• Classes have been canceled for Tuesday and Wednesday. Students have been notified that online and hybrid classes will remain canceled and only essential staff will be allowed on campus. All in-person undergraduate, graduate, professional, and clinical experiential courses will resume as scheduled on Wednesday.
  • A ransomware attack can be triggered by simple, everyday activity. Opening a unintended link inside of can lead to a cyberattack.  Computer, tablet and phone users are encouraged to change their passwords and security questions regularly.

Howard University is home to several notable high profile Black alumni such as Chadwick Boseman and Phylicia Rashad.

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Education

Howard University installs Chadwick Boseman’s name on College of Fine Arts building

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The “Black Panther” star is seen as an “icon in his own right who has left an immeasurable legacy for the next generation,” the university said.

What We Know:

“Yesterday, the letters were installed over the now official Chadwick A. Boseman College of Fine Arts,” the school said in a tweet Friday. “An icon in his own right who has left an immeasurable legacy for the next generation. Thank you Mr. Boseman.”

  • Howard University first announced in May that it would rename its performing and visual arts school after the ‘Black Panther’ star who also happens to be an alumnus of the school.
  • Boseman graduated from Howard in 2000 with a bachelor of arts degree in directing. During his time at the school, Boseman led a student protest against the absorption of the College of Fine Arts into the larger College of Arts & Sciences, according to the university.

In 2018, the year Boseman rocketed to international fame as King T’Challa in the Marvel cinematic universe, the university announced that its performing and visual arts school would return to its independent status.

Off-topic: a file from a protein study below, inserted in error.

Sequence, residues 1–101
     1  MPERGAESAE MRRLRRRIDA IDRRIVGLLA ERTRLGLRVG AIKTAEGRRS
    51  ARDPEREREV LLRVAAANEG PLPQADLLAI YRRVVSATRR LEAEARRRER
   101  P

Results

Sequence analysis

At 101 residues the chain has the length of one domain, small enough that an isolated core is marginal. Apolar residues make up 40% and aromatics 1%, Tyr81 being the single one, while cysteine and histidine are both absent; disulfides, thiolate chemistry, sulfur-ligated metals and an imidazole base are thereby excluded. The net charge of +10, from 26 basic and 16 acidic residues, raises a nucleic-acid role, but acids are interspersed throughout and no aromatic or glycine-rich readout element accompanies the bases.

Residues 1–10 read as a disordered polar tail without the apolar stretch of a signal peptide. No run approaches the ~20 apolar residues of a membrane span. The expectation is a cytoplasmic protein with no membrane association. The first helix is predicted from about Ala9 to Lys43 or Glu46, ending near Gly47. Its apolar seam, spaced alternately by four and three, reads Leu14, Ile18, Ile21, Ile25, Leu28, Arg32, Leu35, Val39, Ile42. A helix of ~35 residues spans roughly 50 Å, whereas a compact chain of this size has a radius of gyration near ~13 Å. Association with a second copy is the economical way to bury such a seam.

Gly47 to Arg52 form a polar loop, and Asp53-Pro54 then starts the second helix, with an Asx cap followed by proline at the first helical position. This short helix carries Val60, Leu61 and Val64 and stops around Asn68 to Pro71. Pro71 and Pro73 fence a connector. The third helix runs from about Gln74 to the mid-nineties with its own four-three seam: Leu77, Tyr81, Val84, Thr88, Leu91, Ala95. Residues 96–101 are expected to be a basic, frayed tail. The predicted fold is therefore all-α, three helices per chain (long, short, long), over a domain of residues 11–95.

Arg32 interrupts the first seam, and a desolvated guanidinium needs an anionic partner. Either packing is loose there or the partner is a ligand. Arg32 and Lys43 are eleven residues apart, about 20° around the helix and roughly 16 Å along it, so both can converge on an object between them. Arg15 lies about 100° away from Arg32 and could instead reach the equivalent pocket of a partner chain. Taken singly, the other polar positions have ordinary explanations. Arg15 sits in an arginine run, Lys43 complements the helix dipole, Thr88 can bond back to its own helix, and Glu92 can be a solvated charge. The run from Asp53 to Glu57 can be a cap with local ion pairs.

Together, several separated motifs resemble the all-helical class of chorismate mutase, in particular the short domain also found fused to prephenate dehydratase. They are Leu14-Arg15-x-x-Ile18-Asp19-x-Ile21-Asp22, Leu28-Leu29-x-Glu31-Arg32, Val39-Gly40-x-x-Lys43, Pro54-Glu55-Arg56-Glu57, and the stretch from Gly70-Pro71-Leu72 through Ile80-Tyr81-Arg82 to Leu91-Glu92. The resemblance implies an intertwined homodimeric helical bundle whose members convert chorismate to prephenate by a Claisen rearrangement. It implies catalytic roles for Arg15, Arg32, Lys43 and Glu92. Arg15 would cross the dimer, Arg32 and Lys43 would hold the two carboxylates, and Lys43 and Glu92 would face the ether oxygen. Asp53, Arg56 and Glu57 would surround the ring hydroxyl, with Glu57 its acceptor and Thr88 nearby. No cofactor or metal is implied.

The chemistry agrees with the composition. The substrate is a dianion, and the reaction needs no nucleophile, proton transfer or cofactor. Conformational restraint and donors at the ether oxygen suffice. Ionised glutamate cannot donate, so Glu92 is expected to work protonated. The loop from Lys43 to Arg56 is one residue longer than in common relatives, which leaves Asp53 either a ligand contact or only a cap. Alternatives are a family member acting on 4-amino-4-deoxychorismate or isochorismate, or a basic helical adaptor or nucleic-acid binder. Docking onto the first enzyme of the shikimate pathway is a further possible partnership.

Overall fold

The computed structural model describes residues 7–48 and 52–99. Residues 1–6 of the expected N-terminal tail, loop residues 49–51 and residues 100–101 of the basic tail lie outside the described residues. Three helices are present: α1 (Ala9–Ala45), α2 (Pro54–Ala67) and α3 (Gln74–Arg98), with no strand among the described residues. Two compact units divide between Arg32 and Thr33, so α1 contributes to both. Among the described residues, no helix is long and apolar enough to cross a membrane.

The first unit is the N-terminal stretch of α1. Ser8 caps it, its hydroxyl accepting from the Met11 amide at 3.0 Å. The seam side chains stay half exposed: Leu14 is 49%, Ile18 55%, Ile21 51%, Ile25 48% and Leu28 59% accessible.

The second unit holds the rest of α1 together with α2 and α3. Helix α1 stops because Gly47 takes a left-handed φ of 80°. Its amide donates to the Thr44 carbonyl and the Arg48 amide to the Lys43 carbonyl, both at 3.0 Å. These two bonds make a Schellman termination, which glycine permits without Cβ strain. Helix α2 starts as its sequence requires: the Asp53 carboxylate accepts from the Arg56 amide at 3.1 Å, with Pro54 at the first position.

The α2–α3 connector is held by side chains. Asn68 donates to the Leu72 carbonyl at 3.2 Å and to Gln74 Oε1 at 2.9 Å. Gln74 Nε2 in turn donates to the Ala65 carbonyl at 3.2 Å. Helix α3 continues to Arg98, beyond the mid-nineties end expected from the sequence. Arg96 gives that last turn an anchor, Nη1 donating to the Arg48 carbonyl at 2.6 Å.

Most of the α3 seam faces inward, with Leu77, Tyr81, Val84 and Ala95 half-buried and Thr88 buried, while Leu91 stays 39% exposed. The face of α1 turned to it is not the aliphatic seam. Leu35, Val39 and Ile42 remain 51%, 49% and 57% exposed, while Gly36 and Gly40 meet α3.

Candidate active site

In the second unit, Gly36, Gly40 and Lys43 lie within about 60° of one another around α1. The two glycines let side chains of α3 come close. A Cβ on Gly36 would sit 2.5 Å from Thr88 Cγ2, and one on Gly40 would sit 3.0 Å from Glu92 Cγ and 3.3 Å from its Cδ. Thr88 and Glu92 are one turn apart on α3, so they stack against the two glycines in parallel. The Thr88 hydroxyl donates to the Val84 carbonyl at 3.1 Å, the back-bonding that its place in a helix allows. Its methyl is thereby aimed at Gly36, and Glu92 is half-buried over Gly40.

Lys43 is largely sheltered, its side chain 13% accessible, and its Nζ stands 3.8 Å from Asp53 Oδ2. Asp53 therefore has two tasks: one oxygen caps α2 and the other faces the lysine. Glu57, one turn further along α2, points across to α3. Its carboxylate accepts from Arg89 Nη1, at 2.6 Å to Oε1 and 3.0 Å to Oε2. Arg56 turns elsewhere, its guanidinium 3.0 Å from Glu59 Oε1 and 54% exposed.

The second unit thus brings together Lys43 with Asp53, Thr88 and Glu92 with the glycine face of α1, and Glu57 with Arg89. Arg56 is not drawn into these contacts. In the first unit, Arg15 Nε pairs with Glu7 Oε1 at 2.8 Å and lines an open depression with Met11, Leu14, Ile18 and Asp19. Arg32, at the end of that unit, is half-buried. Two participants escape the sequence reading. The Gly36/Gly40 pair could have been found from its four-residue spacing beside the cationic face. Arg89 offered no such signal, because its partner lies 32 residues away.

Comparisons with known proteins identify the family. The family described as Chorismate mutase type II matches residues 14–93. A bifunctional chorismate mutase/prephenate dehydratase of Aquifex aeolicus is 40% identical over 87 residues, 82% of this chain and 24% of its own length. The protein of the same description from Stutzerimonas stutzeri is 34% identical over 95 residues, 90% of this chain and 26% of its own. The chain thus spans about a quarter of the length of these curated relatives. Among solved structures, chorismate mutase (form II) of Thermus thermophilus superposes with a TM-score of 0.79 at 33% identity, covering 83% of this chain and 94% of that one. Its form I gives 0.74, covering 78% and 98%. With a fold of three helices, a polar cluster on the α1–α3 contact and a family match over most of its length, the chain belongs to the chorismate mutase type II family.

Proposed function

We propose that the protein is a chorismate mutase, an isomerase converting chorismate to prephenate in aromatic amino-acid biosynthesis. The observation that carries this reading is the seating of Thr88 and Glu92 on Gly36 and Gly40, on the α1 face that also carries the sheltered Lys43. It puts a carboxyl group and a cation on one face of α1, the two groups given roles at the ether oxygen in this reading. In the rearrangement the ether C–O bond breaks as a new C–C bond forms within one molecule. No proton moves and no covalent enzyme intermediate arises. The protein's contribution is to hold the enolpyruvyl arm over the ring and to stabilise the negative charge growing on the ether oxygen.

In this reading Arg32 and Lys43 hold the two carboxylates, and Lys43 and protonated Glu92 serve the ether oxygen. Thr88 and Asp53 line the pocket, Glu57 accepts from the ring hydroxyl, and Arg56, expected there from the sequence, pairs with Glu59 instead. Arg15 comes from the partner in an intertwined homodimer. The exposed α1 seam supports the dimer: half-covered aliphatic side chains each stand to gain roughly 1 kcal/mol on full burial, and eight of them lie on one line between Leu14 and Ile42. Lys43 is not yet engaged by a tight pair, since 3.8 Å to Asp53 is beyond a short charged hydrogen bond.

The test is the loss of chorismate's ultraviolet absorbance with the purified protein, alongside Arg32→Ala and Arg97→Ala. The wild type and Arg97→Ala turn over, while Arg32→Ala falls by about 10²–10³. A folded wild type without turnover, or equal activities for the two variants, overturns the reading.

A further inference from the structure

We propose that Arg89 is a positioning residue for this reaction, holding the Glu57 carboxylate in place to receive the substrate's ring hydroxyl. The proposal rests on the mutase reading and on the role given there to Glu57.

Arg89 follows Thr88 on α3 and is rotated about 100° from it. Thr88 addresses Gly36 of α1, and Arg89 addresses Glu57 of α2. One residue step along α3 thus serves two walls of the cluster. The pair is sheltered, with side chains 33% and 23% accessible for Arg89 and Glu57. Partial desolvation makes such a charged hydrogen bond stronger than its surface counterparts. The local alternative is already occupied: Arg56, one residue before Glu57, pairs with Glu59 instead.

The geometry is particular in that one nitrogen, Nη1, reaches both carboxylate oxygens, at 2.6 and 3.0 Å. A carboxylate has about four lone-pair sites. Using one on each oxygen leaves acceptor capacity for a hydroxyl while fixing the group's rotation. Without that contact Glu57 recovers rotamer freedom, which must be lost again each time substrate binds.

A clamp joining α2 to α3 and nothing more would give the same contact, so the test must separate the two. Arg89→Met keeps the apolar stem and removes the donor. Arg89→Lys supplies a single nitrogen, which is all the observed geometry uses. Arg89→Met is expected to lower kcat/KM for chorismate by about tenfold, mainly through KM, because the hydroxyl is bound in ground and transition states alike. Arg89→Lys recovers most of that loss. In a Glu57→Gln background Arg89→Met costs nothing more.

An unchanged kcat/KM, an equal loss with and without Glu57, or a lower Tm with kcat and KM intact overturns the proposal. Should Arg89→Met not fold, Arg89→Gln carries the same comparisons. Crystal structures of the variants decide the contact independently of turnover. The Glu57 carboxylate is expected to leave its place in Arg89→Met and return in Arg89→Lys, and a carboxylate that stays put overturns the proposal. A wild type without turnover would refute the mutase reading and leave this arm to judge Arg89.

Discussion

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Education

Education Department Will Erase $5.8 Billion in Loans For Borrowers With Disabilities

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The Department of Education (DOE) announced it would eliminate the outstanding loans of over 32,000 borrowers with significant, permanent disabilities. It will also remove barriers that block future students from qualifying for this relief.

What We Know:

  • The DOE’s declaration erases approximately $5.8 million in debt. In addition, NPR writes that it symbolizes a “significant step” toward improving a “troubled debt relief program meant to help borrowers with disabilities.” U.S. Education Secretary Miguel Cardona confirmed this statement when the Education Department revealed its decision, stating it would remove a major barrier for disabled students.

“Today’s action removes a major barrier that prevented far too many borrowers with disabilities from receiving the total and permanent disability discharges they are entitled to under the law,” Cardona said.

  • Despite the program’s intention to wipe student loans of those who cannot work due to disabilities, those who qualified for the program needed to apply for relief. Under the new plan, students will obtain automatic relief when identified through a data match with the Social Security Administration. The next match will take place in September.
  • In addition, the Department of Education said it would propose to eliminate the three-year income monitoring period. Officials will stop sending requests to borrowers for income information during the aforementioned years. Furthermore, the DOE will consider removing it entirely during the upcoming negotiated rule-making.
  • Disabled students and advocates believe this will bring change to the program. Persis Yu, a staff attorney at the National Consumer Law Center, said the vote is “long overdue.” However, Yu hopes the Education Department will review the eligibility criteria to determine when someone holds a disability discharge.

Yu added that Social Security’s match does not identify some qualified borrowers.